So Lloyd Llewellyn-Jones “would willingly obliterate every word of Cicero” for just one book of Ctesias’ lost work Persian Things (“Listen, and let us take you back”, Books, 13 November). Farewell, then, to the following words, all of which, it appears, have come down to us via Cicero’s neologistic translations from the Greek: definition, difference, image, individual, induction, infinity, notion, quality, quantity, species and vacuum. Farewell, too, to humanities, liberal arts, morality and science.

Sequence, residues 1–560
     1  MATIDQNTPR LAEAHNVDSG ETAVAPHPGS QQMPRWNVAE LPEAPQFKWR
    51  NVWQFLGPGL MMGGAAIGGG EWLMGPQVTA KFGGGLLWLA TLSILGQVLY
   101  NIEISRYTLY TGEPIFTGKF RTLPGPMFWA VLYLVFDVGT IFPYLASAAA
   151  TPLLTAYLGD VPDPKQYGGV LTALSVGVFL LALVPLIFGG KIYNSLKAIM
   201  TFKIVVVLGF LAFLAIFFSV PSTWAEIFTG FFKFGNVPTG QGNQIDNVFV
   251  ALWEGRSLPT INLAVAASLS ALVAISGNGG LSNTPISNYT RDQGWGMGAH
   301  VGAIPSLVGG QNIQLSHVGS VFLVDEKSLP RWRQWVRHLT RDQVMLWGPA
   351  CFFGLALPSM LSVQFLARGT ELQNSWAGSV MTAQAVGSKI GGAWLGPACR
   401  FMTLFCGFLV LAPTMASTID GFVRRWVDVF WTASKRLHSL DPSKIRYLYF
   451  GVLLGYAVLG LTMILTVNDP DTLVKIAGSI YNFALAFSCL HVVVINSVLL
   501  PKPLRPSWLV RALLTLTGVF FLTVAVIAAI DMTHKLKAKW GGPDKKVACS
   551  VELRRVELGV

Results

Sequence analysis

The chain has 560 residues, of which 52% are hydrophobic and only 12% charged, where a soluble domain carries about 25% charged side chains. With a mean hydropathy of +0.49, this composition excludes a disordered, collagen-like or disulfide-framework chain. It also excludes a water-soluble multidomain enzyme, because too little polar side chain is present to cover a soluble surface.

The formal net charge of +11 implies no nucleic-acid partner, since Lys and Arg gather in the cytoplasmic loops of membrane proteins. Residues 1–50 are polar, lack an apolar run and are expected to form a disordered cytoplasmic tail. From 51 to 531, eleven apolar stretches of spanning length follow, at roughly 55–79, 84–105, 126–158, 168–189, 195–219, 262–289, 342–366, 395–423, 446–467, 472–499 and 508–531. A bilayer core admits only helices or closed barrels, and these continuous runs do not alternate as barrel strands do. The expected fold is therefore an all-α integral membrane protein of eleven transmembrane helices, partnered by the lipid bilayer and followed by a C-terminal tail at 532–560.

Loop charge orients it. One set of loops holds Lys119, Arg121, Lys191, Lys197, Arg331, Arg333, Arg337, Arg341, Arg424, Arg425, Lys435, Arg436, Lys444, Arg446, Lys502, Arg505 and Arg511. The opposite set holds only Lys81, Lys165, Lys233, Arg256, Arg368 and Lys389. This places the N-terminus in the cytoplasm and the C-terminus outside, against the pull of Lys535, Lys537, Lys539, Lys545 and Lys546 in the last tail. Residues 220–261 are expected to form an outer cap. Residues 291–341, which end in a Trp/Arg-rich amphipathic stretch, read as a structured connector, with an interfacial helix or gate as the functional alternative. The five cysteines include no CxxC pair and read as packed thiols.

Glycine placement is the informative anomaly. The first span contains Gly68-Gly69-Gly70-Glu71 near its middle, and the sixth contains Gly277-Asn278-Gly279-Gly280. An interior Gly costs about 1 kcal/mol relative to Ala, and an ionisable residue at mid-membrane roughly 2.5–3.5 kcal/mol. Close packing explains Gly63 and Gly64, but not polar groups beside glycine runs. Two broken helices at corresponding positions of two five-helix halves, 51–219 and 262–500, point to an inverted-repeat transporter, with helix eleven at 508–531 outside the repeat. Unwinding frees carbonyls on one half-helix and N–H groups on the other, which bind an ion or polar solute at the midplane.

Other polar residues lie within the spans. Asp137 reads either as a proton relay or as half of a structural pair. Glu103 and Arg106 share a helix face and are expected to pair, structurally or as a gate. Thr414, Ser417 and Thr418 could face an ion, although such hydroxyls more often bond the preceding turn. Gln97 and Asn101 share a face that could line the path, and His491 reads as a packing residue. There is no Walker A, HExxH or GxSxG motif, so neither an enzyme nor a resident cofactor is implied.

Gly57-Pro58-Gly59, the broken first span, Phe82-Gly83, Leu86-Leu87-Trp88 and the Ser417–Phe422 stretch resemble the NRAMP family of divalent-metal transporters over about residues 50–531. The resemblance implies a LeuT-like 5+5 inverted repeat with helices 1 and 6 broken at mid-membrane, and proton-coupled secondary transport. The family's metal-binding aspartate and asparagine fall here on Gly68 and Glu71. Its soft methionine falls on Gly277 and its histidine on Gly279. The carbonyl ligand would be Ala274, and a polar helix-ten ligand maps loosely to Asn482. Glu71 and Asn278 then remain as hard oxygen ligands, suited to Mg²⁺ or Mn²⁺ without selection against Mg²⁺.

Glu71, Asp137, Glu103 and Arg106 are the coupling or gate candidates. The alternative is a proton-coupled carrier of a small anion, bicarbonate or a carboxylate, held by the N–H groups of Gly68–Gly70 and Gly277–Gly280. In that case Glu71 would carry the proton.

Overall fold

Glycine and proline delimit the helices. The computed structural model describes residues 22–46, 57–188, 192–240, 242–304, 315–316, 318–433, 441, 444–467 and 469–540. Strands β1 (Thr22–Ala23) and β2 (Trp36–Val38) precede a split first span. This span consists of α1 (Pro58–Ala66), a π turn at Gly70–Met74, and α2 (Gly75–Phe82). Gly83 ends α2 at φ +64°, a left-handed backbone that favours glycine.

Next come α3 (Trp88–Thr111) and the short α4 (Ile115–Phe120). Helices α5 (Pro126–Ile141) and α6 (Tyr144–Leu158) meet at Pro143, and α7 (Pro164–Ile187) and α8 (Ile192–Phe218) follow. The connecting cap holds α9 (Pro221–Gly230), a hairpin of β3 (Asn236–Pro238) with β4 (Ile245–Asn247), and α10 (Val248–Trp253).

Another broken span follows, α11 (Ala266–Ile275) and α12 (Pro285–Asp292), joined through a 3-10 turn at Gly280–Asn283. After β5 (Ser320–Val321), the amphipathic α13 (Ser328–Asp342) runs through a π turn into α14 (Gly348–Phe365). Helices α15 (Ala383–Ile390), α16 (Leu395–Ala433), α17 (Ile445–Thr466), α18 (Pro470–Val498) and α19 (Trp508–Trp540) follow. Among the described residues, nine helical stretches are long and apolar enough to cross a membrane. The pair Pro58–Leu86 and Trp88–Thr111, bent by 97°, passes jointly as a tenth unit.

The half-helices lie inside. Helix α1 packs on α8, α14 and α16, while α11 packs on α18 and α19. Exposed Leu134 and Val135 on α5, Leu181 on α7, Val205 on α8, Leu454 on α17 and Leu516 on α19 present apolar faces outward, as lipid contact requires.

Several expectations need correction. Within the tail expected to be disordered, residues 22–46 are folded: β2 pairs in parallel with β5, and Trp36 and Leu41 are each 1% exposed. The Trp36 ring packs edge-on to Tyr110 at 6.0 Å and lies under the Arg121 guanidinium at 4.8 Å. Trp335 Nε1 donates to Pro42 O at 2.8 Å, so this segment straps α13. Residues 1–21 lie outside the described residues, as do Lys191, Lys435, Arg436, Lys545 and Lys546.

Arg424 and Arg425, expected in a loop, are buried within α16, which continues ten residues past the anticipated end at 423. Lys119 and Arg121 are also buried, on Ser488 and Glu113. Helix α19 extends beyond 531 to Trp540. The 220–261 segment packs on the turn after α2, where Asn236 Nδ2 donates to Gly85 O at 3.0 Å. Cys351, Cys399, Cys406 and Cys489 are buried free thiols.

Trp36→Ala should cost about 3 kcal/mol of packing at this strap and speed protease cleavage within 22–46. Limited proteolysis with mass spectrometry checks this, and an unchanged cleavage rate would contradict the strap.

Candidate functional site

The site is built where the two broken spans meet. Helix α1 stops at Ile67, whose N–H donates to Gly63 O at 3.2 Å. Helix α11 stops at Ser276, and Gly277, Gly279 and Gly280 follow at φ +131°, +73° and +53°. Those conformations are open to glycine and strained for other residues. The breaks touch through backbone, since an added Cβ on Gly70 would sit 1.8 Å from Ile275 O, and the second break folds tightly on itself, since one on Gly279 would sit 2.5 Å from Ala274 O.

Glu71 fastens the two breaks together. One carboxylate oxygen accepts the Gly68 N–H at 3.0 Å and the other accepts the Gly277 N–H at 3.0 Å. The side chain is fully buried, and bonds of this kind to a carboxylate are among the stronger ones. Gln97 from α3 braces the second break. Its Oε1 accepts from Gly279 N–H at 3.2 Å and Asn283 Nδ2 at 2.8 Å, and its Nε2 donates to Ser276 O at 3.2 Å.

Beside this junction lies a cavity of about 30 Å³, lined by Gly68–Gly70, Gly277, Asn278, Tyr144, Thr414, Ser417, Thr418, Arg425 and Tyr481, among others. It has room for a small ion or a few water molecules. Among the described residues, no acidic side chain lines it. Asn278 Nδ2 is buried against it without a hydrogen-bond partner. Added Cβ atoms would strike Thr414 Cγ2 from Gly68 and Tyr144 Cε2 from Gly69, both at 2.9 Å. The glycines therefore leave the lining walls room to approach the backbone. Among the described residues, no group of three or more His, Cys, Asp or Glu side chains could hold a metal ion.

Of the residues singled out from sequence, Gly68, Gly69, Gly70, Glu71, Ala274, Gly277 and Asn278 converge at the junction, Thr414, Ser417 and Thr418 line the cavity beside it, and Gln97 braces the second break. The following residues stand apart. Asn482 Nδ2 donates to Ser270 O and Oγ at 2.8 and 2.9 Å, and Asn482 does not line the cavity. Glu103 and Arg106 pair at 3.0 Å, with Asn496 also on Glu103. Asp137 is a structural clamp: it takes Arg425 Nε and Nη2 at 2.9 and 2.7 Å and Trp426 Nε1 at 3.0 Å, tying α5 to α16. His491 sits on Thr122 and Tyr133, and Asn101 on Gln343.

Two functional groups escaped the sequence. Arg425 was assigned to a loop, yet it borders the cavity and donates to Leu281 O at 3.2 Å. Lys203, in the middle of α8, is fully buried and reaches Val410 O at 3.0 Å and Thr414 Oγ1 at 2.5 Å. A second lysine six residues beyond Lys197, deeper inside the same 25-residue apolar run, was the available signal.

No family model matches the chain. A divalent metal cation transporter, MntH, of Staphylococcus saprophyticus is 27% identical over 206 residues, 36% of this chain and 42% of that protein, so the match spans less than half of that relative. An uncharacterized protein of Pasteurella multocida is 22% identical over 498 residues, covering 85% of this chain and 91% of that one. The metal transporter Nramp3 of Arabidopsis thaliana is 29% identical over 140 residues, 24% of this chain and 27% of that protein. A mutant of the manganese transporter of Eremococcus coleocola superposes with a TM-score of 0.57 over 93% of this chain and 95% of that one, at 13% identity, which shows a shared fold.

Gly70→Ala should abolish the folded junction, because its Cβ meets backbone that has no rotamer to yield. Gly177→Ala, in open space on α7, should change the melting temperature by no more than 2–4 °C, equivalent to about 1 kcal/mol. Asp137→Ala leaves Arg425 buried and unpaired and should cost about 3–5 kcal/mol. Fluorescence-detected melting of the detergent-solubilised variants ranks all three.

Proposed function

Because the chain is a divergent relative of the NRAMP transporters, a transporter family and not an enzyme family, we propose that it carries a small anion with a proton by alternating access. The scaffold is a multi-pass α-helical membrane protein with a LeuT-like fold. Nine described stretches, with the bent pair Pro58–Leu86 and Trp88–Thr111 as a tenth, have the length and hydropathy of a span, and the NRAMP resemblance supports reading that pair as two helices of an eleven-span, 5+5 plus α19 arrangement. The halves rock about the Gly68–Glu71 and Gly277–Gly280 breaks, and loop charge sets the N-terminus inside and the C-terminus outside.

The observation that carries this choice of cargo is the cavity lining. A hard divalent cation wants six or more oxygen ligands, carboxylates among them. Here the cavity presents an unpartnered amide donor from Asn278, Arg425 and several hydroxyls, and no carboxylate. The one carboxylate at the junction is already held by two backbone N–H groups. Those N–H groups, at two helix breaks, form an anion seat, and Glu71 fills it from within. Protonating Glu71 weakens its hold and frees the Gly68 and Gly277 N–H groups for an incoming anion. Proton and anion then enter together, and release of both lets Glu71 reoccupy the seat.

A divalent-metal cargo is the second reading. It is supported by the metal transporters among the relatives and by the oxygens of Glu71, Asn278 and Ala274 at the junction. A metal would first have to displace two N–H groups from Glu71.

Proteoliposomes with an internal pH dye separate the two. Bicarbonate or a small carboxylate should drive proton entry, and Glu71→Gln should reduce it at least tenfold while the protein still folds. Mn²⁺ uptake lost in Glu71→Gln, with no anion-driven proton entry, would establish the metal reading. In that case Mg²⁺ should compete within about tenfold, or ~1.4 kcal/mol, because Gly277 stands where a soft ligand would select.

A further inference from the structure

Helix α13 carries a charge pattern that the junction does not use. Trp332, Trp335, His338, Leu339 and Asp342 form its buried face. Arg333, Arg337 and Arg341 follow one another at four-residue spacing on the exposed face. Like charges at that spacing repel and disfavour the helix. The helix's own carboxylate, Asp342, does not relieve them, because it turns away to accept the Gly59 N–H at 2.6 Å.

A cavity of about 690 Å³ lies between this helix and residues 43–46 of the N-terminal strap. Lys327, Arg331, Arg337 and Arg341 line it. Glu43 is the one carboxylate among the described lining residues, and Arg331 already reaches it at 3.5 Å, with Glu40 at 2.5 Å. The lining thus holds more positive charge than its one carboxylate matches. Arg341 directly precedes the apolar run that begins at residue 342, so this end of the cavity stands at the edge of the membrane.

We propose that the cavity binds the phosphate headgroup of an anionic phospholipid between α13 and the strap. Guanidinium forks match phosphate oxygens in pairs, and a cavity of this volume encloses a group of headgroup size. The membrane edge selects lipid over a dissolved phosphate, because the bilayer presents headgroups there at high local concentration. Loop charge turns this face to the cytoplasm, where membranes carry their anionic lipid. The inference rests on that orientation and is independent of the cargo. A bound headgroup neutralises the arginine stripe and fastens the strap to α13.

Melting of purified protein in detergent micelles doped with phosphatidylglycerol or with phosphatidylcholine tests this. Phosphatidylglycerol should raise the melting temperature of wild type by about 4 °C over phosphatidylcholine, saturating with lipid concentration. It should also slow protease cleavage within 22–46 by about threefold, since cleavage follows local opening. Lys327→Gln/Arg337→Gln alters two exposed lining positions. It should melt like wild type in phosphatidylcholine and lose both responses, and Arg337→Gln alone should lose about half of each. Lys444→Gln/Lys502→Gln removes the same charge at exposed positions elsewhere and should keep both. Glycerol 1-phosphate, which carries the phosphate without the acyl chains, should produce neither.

As Gian Bagio Conte puts it in Latin Literature: A History, Cicero “laid the foundation for the abstract vocabulary that was to become the inheritance of the European cultural tradition”. Not for nothing did Michael Grant write that “the influence of Cicero upon the history of European literature and ideas greatly exceeds that of any other prose writer in any language”.
Visiting lecturer in rhetoric
Liverpool Institute of Performing Arts